Possible Problems



carotid doppler


A test called the carotid ultrasound can detect the buildup of cholesterol-filled plaque in the carotid arteries in the neck. These arteries deliver blood to the brain. The test, which uses sound waves, is quick, safe, and without any immediate potential for harm. It makes perfect
sense for someone experiencing lightheadedness, memory loss, or the warning signs of a stroke or mini-stroke.

Having a carotid ultrasound test also makes sense for anyone in whom a doctor hears an abnormal sound called a bruit (BREW-ee) as he or she listens to the carotid arteries through a stethoscope. The scan is also a reasonable idea when a person has known risk factors for stroke, such as a previous “mini-stroke,” high blood pressure, high cholesterol, or diabetes. But a carotid ultrasound isn’t a good idea for otherwise healthy people at average risk for stroke.

Excerpt from the Harvard Medical School's Healthbeat

To read about more tests:




I have found & I so teach my students that the US Preventive Taskforce is gospel & should be listened to at all costs!!

Bertrand M. Bell MD
Professor of Medicine
Albert Einstein College of Medicine



Comments from our members:

1. People wanted to know the results of the carotid artery doppler ultrasound that was done. Here are the result passed to me by my PCP:Carotid artery Ultrasound report: Right side - cholesterol accumulation which results in 30-50% blockage. Left - 0-39%. You can see that this is inexact. But, sort of confirms our suspicion about your symptoms. This degree of blockage doesn't usually require surgery, etc. However, in light of your prior surgeries, I'd like to hear an opinion from a vascular surgeon.

I wrote back to my doctor in response: Thanks for the report. I wonder how they can tell the difference between cholesterol accumulation and radiation or surgical scarring using and

The doctor responded:They probably can't. And I agree / suspect the latter. We'll work on an
appointment for you.

So, it would seem that we are still an enigma to the medicatl community. My surgeon, whom I work with as a volunteer, commented that the results are pretty good for any senior, laryngectomee or not. All good news is always welcome. :)


2. I was told the Carotid CT scan does a much better job of identifying the nature of the blockage.

3. In checkup year before last, my doc heard something he wanted to check out. I came back for the carotid doppler. Very easy and simple. Takes a little while because the tech moves slowly and watches the screen. My blockage wasn't enough to cause problems... Had it done again this year and the doc thought it was doing great... but said, if it reaches a certain percentage of blockage, he would send me to have it cleaned out. Right now it is well under a figure to be concerned about.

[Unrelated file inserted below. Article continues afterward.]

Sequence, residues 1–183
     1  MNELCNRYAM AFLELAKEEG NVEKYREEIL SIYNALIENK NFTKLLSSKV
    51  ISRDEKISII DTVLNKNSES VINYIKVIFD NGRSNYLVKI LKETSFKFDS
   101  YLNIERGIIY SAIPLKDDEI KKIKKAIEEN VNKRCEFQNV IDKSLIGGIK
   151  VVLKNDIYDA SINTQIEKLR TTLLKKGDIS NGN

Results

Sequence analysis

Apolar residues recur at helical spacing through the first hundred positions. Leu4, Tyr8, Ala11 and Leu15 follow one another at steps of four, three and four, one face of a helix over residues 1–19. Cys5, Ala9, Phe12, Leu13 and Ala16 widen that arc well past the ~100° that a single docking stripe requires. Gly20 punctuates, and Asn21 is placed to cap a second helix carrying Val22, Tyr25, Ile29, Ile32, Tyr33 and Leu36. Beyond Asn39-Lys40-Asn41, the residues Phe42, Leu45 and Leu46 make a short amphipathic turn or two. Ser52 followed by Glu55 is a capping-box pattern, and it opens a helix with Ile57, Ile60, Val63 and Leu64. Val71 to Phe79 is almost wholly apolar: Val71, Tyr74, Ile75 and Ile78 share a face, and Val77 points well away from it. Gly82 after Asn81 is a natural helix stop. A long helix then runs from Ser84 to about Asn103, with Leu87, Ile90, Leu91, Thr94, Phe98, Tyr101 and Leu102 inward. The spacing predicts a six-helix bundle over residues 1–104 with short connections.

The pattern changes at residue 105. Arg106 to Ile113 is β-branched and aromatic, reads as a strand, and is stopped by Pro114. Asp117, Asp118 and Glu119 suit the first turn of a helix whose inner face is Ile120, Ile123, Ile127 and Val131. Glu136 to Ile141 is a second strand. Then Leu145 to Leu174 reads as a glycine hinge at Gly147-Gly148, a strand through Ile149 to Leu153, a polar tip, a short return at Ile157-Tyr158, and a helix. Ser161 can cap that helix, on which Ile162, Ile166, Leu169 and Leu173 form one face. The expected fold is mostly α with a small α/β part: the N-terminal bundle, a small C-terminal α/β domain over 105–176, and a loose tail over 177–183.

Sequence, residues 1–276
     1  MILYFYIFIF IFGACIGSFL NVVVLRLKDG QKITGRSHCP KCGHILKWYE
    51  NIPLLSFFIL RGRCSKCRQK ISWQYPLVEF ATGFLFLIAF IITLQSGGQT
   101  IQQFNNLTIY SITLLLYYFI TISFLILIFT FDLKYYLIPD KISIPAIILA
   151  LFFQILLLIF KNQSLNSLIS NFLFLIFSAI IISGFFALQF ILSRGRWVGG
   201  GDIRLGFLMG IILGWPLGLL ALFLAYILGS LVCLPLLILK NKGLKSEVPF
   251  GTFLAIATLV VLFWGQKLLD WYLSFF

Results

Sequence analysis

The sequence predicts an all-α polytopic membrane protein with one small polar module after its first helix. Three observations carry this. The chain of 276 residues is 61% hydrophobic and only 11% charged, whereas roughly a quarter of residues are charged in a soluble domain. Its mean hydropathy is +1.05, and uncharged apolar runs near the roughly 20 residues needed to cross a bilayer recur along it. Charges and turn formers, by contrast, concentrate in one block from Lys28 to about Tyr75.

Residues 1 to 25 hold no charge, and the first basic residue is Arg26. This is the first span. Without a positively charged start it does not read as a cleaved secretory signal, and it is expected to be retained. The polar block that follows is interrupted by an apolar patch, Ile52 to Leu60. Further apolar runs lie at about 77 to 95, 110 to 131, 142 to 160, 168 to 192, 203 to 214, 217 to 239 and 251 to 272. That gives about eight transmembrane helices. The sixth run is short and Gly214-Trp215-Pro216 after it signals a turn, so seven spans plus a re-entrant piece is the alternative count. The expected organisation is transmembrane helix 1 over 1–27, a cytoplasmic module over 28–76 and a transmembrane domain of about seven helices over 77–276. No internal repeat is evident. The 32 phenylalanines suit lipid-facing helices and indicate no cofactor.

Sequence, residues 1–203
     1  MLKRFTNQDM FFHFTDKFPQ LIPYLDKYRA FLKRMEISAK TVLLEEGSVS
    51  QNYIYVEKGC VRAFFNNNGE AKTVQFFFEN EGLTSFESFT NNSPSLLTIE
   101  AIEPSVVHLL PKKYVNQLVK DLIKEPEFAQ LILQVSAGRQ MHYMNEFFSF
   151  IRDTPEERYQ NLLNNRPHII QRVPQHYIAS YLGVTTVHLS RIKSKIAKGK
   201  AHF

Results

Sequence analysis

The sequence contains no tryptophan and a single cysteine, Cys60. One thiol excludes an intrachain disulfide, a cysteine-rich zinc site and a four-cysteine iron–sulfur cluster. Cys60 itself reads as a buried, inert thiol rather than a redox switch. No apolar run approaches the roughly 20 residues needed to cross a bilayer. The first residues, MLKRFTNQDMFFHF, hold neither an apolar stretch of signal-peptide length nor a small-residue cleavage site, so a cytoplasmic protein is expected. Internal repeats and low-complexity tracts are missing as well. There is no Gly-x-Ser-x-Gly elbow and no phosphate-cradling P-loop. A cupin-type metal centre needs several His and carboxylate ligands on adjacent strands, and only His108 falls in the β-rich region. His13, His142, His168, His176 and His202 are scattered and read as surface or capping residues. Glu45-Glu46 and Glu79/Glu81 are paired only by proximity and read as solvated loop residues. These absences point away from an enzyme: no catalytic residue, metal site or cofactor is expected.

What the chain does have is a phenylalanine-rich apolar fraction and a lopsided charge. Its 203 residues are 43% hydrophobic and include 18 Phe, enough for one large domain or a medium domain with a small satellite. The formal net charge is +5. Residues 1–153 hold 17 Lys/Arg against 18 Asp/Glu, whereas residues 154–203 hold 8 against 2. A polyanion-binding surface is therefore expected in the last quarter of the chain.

4. I have had this test done twice and it is nothing at all to worry about...like an echo gram to your neck...about 20 minutes or so. They found my right side blocked at 65% and said that was fine for my age and all. As I understand it they don't want to do anything intrusive unless you're 85% or more and then they prefer meds first. I had similar symptoms to yours and they have been gone for 8 years since I started taking a baby (91mg) aspirin each morning. I take a coat one that dissolves in the intestines not the stomach. Best of health to you all.


5. It's a very simple test that takes about 45 minutes as the tech will check both sides of the neck. I've had at least 20 of these test over the last 20 years and my carotids are pretty good but several years ago I had a small blood vessel burst at the stem of the neck and the bleeding down on the spinal cord caused the lost of some motor skills, was hospitalized for 3-4 days and when the bleeding stopped the problem went away and no problem since. The neurologist blamed to radiation for weakening the blood vessel. There are fixes but I don't have the knowledge to comment on them.



Stroke and vascular Problems Related to Head and Neck Radiation



A number of our members have complained about blackouts. One would get up, walk across the room and wake up on the floor. Dr. Peters wrote an article about this possibility for HeadLines that I'll print below, but you can now find a lot of information on the Internet (see below). Perhaps you could talk with your doctor about your blood pressure and this possibility. (NOTE: you must keep yourself well hydrated.)

Doctor, can radiation cause dizzy or fainting spells (vasovagal syncope)?


Let's start by reviewing some anatomy. Then, I will address the problem some patients have when they turn their heads and get a little dizzy and light headed. On either side of your neck is the carotid arteries which are the main suppliers of blood to the head and more specifically, the brain. This artery comes into the neck from the chest as a single large artery, the common carotid artery, then splits in the upper neck to become the external carotid artery supplying blood to the face and head outside of the skull and the internal carotid artery supplying blood to the brain. Where this artery splits is called the carotid bulb and you can usually feel it as a pulsating mass in the upper neck. The carotid artery and especially the carotid bulb are enervated by some specialized nerve fibers that are sensitive to the chemical content of the blood and also to the pressure of the blood inside of them.